Homer Alaska - News

Story last updated at 7:32 PM on Wednesday, April 13, 2011

Gas line flows through process



By McKibben Jackinsky
Staff writer

Four big-ticket items benefiting Homer and the surrounding area are in the Senate's version of the capital budget, Homer lobbyist Linda Anderson told the city council during the council's regular meeting Monday:

• Homer area natural gas pipeline, $10 million;

• Homer cruise ship dock and passenger facility improvements, $6 million;

• Homer Airport terminal apron taxiway pavement, $3.2 million;

• Homer-East End Road rehabilitation, mile 3.7-12.2, $3.5 million.

"We're very pleased about that," Anderson reported telephonically, specifically referring to the pipeline and the cruise ship dock improvements. Anderson and Yuri Morgan of Anderson Group LLC are the city's lobbyists.

The pipeline funding would allow for natural gas to be distributed from Anchor Point to Homer and Kachemak City. It is the second phase of a two-phase project begun last year with construction of a pressure regulation plant near the intersection of North Fork Road and the Sterling Highway and gas line that goes as far south as Chapman School.

The dock improvements include not only upgrades to the city's deep water dock, but also restrooms and a covered area for passengers awaiting ground transportation. The funding also would result in a paved trail from where the Spit Trail ends to Coal Point, with benches, signage and a restroom; public restrooms and covered bus stops at two downtown locations; and public art and landscaping features.

The $3.2 million funding for taxiway paving is a step in implementing the Homer Airport's master plan.

Chris Post, project manager with the Alaska Department of Transportation and Public Facilities, said the East End Road funding focuses on design and right-of-way acquisition for an almost two-mile stretch between Kachemak Drive and Waterman Drive.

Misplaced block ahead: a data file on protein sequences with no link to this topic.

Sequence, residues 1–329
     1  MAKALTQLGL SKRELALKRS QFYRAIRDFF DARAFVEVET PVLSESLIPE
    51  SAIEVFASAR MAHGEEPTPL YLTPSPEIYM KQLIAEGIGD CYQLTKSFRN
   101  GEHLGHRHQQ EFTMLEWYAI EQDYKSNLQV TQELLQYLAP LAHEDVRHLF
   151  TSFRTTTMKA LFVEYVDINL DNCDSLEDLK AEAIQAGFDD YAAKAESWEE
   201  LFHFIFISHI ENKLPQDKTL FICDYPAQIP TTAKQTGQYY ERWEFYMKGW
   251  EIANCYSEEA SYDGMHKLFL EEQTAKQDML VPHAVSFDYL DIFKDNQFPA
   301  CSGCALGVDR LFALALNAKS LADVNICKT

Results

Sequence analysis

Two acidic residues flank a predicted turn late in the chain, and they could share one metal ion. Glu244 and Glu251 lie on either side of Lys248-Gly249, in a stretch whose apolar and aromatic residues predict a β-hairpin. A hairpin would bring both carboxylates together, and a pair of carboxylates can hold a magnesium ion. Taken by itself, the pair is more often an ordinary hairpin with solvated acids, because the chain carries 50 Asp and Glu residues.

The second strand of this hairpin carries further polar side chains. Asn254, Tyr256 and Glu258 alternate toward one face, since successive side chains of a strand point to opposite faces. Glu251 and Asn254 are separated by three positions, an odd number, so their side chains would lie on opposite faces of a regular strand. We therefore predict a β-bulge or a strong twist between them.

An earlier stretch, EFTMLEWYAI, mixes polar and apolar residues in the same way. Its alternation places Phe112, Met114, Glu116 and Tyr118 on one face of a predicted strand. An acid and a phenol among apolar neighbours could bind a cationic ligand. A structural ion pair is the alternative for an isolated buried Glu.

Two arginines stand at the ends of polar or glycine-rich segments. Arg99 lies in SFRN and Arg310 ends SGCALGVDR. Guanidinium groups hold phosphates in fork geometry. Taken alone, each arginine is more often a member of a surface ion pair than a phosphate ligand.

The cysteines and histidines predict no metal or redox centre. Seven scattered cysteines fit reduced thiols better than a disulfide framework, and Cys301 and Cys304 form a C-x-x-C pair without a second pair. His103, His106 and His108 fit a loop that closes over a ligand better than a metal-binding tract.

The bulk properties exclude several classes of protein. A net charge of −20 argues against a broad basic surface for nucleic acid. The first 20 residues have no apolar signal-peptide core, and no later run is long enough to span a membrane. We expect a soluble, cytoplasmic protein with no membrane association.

It will mirror work already completed up to Kachemak Drive, however continuation of the existing bike trail will be on the opposite, or bay side of East End Road.

As of noon Wednesday, Committee Substitute for Senate Bill 46, the capital budget was still in the Senate Finance Committee. That committee is co- chaired by Sen. Lyman Hoffman, D-Bethel, and Sen. Bert Steadman, R-Sitka.

Anderson told the council it was anticipated the House might make additions to the capital budget, but not deletions. She also did not expect a conference committee to address differences between the Senate and House versions.

"That means, by end of week when the Legislature adjourns, we should know if the House will pass this and these projects are still in budget," said City Manager Walt Wrede. The session ends Sunday. "Then it's still a question of what the governor's going to do."

When city representatives visited Juneau earlier this year, they met with Gov. Sean Parnell's chief of staff and budget director regarding the city's legislative priorities and have remained in contact through correspondence. The city has developed a web page offering updates specifically on the gas line and encouraging the public to contact Parnell, as well as House Speaker Mike Chenault, R-Kenai, and House Finance co-chairs Rep. Bill Stoltze, R-Anchorage, and Rep. Bill Thomas, Jr., R-Haines.

"We'll certainly ramp that up if this passes the Legislature," Wrede told the Homer News. "We will try to meet with the governor, maybe invite him to Homer or meet with him in Anchorage if we can. One of things we wanted to do was get a coalition of parties together so he can see this is not just a Homer thing. This is southern Peninsula thing with broad regional support. We hope to have the borough, borough school district, hospital, city and Kachemak City — a real broad coalition so they can see this is a regional deal."